What was the most interesting thing about that knitting therapy group?
A woman sitting next to me turned out to be a colonel in the army. She was also a nurse at Walter Reed. Of all things, she was working with stroke survivors. Imagine that!
She seemed to know a lot about me before I even told her anything. I loved meeting her.
What does knitting therapy mean for you?
Knitting provides me with a chance to focus my attention on one thing. My mind is attentive to the yarn, the needles, and the project at hand. This is so beneficial during recovery.
Plus, knitting sets an achievable goal. Once the project is done, it’s done; it’s not like the dishes in the sink that keep piling up. Plus, if you gift the item to someone, you get the additional bonus of seeing how much they love it. It’s very rewarding.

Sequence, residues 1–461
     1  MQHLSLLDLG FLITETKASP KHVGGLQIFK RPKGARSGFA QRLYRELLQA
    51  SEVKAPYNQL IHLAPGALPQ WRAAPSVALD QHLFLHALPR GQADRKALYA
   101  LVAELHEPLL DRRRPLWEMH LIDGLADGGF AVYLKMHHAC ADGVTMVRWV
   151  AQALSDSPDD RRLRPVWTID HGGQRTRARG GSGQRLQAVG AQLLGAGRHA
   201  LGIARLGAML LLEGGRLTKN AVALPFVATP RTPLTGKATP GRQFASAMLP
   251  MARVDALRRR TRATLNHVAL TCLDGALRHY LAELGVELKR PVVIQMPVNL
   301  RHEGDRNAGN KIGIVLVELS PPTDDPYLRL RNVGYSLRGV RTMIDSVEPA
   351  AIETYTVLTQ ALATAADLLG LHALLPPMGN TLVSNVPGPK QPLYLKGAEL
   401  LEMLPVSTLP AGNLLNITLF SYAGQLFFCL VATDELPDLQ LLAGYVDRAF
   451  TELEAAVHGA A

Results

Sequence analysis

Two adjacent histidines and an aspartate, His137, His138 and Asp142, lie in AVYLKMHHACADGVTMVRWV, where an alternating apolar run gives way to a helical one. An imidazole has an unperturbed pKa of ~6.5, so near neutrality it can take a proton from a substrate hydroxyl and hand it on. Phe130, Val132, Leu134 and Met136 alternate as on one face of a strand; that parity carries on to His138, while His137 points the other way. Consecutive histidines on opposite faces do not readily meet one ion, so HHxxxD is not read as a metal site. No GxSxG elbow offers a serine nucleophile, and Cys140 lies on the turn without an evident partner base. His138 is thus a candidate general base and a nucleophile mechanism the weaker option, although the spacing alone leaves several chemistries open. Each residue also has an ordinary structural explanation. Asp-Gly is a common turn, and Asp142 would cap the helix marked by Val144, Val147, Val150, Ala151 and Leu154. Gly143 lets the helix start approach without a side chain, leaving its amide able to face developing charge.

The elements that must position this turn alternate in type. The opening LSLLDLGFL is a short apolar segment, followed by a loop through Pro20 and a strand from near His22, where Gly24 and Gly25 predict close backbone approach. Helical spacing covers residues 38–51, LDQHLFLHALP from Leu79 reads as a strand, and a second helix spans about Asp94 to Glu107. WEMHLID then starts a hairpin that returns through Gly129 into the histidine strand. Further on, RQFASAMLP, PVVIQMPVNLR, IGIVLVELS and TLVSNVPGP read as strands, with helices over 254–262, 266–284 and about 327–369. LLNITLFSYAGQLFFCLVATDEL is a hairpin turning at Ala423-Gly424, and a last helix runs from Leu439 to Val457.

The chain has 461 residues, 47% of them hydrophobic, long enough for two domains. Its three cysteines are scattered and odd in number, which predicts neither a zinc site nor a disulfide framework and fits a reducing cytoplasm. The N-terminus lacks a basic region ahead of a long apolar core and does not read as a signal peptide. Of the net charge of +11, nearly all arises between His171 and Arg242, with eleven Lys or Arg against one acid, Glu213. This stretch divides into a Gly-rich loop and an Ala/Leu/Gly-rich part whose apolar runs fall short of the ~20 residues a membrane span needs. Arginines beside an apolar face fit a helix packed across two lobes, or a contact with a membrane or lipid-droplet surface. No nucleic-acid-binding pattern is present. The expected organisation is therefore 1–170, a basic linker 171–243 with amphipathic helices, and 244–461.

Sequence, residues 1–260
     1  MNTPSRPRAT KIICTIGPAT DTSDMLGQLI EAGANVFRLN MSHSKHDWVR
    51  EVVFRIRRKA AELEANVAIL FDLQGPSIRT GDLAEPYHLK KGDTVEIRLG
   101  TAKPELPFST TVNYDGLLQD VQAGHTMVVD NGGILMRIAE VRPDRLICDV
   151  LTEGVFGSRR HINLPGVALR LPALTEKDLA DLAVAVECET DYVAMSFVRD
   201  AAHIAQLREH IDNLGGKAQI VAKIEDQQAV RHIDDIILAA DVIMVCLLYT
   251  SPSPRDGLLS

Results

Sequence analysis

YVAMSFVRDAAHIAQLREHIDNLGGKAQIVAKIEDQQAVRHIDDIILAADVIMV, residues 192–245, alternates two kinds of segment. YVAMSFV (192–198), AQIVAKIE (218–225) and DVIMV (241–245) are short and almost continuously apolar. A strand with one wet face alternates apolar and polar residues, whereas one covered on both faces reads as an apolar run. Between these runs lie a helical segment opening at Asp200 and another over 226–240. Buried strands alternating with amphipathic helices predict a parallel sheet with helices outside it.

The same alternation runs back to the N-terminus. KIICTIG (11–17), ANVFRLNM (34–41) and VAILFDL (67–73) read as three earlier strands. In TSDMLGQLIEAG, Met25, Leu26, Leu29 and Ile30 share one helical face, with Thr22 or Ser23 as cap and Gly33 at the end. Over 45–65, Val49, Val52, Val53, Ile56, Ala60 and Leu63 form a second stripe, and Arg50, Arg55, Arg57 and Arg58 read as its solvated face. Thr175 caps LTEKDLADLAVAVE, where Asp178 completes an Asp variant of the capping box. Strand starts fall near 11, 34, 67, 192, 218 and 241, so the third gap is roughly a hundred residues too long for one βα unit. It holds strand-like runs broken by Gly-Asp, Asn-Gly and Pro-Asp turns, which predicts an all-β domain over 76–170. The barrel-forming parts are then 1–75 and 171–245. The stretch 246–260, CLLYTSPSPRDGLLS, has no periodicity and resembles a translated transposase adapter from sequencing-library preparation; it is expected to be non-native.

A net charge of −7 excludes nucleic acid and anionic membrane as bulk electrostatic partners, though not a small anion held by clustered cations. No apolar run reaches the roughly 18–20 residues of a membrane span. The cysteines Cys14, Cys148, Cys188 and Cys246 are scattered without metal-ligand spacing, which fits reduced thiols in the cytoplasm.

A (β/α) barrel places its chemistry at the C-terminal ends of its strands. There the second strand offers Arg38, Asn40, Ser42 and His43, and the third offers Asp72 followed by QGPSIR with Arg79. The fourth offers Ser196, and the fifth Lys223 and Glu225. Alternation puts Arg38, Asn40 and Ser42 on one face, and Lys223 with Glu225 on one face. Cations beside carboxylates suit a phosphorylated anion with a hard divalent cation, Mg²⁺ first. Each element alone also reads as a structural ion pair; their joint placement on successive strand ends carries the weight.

Has knitting therapy played a role in your cancer treatment as well?
Cancer treatment has been a long process. The first time, ten years ago, I wanted to just get rid of the monster, but you have to take it one step at a time. I had to have a mastectomy because the tumor was more than just a lump. Then over five years ago I discovered another lump, which required more surgery. I didn’t do chemotherapy either time. However, the second time, I did radiation therapy.
The radiation therapy took place at the Pearson Cancer Center where the knitting group meets every week. At the time I was working at a hotline for a breast cancer organization on a shift from 1 am – 9 am. I slept during the day if I could, usualyl in shifts. The strange schedule kept me away from other humans a lot of the time. I knew that I really needed that conection. The knitting group provided that contact.